The warnings being issued by scientists and a wide range of global leaders of the oncoming disasters fueled by our changing climate validates the urgent need to find solutions that can stem these damaging transformations. Serious repercussions from a changing climate are occurring now.
As a result, policy makers have an obligation to act now. The scope and magnitude of this global threat requires a multifaceted way forward that enables the widest possible range of technologies and practices that can stem climate change.
The Next Generations Fuels Act is legislation introduced this week by Rep. Cheri Bustos (D-IL), who was joined in sponsoring the measure by fellow Democratic Reps. Emmanuel Cleaver (MO) and Cynthia Axne (IA), and Republican Reps. Jason Smith (MO), James Comer (KY) and Darin LaHood (IL). The lawmakers say the bill represents a new frontier in the quest to mitigate climate change.
The legislators also say the measure will improve liquid transportation fuel quality and incentivize vehicle technologies that simultaneously reduce greenhouse gas (GHG) emissions and improve fuel economy. The bill represents what supporters say is the first step in the legislative and regulatory process to transition our nation’s gasoline supply to higher octane fuel. It will not only reduce climate-altering greenhouse gas (GHG) emissions, but also improve air quality and public health by replacing harmful carcinogenic compounds with cleaner renewable fuels.
The measure would establish a minimum fuel octane level of 98 Research Octane Number, or RON, an increase from today’s regular gasoline, which is 91 RON. The higher the fuel’s octane number, the more resistant it will be to knock, which is the explosively damaging and uncontrolled combustion of fuel in an engine’s combustion chambers. Higher-octane fuels allow engine manufacturers to design more powerful and fuel-efficient engines.
Blending in cleaner-burning ethanol to boost a fuel’s octane rating is far superior to using aromatics like benzene, toluene ethylbenzene and xylene, known as the BTEX complex –that come from the petroleum refinery process and are both expensive and toxic. Due to ethanol’s high-octane rating, a low carbon, high octane ethanol blend results in both additional fuel efficiency and significant GHG reduction benefits. Ethanol is also priced lower than gasoline, making it the most cost-effective octane source.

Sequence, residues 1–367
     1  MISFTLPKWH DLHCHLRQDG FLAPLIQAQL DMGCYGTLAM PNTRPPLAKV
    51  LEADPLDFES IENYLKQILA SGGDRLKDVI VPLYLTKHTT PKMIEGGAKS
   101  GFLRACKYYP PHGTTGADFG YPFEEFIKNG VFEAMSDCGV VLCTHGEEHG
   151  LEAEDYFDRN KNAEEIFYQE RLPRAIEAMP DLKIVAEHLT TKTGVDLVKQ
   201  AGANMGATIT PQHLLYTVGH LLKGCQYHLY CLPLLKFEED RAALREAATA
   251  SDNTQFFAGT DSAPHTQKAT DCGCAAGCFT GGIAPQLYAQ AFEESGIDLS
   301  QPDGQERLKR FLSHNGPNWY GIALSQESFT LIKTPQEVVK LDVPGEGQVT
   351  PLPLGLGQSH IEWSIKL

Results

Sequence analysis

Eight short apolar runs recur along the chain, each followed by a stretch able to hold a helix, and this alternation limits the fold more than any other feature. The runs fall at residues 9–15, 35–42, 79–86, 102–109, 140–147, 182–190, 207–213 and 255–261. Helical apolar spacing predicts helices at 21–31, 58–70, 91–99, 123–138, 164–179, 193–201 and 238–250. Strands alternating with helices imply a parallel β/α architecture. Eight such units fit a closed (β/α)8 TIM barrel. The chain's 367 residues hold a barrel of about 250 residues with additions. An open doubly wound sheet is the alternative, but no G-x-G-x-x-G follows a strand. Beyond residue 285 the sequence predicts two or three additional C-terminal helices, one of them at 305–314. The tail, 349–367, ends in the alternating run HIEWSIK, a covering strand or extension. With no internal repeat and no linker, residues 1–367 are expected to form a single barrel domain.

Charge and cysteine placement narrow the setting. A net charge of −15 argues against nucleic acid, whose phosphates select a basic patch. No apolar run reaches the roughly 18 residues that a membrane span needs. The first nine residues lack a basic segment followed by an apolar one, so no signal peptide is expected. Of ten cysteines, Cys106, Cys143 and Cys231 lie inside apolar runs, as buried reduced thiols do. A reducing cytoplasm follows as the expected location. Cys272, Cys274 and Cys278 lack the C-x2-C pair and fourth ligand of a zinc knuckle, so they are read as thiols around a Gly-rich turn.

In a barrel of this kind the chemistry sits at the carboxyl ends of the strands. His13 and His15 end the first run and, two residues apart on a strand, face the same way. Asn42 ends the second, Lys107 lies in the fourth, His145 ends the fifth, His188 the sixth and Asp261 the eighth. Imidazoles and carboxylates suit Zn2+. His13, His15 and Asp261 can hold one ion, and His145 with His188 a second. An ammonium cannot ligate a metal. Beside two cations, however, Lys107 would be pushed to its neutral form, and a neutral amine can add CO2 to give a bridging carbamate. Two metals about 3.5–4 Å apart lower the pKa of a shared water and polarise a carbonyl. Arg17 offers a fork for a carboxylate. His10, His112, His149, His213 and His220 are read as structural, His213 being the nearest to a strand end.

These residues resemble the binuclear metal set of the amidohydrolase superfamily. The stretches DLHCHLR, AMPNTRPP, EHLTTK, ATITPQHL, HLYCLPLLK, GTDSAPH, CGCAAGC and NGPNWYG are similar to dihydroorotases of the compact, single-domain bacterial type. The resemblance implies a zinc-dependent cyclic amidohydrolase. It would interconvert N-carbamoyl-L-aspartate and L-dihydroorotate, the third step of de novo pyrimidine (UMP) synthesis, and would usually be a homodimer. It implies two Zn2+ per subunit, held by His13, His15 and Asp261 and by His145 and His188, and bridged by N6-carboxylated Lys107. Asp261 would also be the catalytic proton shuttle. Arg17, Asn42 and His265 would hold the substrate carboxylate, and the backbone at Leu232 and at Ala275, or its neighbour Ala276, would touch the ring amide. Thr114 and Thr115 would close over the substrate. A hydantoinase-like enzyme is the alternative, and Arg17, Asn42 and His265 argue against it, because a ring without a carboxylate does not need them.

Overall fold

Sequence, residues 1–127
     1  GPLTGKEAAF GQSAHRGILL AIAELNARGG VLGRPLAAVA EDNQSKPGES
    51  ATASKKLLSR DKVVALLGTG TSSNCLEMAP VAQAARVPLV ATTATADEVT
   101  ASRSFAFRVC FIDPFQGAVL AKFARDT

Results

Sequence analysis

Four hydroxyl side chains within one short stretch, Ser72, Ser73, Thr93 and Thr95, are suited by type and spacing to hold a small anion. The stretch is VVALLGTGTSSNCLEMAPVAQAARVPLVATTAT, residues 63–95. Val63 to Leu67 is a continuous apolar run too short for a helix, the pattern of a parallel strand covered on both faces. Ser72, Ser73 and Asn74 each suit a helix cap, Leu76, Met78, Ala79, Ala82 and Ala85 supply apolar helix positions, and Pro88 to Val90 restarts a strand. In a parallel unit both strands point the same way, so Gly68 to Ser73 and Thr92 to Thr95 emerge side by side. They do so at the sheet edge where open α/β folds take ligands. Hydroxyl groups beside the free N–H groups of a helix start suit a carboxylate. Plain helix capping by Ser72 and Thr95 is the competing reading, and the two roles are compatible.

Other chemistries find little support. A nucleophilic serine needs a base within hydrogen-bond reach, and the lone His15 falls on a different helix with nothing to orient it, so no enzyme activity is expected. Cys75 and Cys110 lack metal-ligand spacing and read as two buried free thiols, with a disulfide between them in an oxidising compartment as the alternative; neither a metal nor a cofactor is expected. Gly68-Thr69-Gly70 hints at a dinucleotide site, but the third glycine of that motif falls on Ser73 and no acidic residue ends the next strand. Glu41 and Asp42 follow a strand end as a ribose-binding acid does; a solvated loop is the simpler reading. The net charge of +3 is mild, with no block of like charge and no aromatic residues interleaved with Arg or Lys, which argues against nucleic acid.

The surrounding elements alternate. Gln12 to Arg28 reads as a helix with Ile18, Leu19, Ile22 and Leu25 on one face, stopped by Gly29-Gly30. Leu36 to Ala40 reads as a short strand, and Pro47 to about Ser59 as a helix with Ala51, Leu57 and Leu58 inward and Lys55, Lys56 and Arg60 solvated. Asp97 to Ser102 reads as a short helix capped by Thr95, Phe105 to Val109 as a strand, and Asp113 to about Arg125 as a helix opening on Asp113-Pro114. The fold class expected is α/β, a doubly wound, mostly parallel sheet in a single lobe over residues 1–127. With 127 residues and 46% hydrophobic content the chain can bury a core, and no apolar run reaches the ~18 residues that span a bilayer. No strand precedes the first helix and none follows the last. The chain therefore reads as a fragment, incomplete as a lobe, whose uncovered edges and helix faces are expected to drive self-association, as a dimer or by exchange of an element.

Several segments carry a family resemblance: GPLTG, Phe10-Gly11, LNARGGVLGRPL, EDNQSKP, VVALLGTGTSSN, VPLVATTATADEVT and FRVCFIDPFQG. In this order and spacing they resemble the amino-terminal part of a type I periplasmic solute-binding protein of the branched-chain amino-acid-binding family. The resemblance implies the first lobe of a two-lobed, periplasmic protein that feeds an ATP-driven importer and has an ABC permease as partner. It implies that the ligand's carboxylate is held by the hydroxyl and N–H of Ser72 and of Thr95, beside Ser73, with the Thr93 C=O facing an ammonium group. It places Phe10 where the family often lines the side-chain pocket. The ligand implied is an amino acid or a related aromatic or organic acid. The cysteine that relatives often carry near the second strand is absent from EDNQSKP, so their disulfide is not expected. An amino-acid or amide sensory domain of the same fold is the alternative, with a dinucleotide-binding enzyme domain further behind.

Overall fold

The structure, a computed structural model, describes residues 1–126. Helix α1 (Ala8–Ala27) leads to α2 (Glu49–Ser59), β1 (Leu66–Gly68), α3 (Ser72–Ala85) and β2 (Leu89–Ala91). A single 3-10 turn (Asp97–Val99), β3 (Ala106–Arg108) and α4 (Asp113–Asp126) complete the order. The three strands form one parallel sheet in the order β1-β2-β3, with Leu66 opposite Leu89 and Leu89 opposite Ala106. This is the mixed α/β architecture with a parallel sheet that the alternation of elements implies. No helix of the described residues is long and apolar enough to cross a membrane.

By increasing the octane rating of the nation’s fuel, automakers will be able to use advanced engine design features that increase engine performance and significantly improve vehicle fuel efficiency – from 5 to 7 percent. Improving fuel quality will also result in significantly less GHGs than unblended gasoline. The legislation would require that the sources of additional octane in the new 98 RON fuel result in at least 30 percent fewer GHGs than unblended gasoline, reducing emissions by at least 11 percent, compared to current regular gasoline.
By removing barriers to blends of ethanol up to 30 percent, the legislation harmonizes regulations to both credit the full benefits of higher ethanol blends and ensure that vehicles and fueling infrastructure are ready.
Current fuel standards limit the use of the advanced engine technologies available to improve efficiency, leaving automakers few options to meet higher fuel economy standards. Bustos’ legislation requires that the sources of additional octane in the new 98 RON fuel result in at least 30 percent fewer greenhouse gas (GHG) emissions than unblended gasoline, reducing emissions by at least 11 percent, compared to current regular gasoline.
By requiring that octane come from low carbon sources, the proposed legislation further decarbonizes liquid fuels as vehicle technologies advance. The requirement, coupled with a new limit on harmful aromatics content like BTEX complex, ensures a continuation of the progress already being made to lower emissions through the replacement of harmful petroleum-based gasoline components with cleaner renewable fuels.
Recent work by Steffen Mueller, principal economist at the University of Illinois at Chicago’s Energy Resources Center, shows that like electric vehicles (EVs), ethanol-gasoline blends provide substantial greenhouse gas reductions relative to gasoline-only vehicles. In fact, he says, high-octane fuel vehicles with ethanol provide very similar GHG savings compared to EVs for many states. Importantly, E85 and high-octane plug-in hybrids represent the lowest GHG-emitting technology as these vehicles are both able to take advantage of the low carbon intensity of ethanol in their combustion engine and the low carbon intensity of the electricity grid in hybrid mode of operation. Ethanol at high blend levels can provide immediate GHG benefits while EV adoption within the U.S. fleet increases. This nation needs forceful solutions to our climate issues. Too much time has been wasted politically vacillating on what are the obvious causes and impacts of climate change. SfL urges stakeholders to reach out to our policy makers and call upon them to embrace innovative solutions like those called for in the Next Generation Fuels Act. These are solutions that can immediately boost our environment and our public health, all while taking on our changing climate.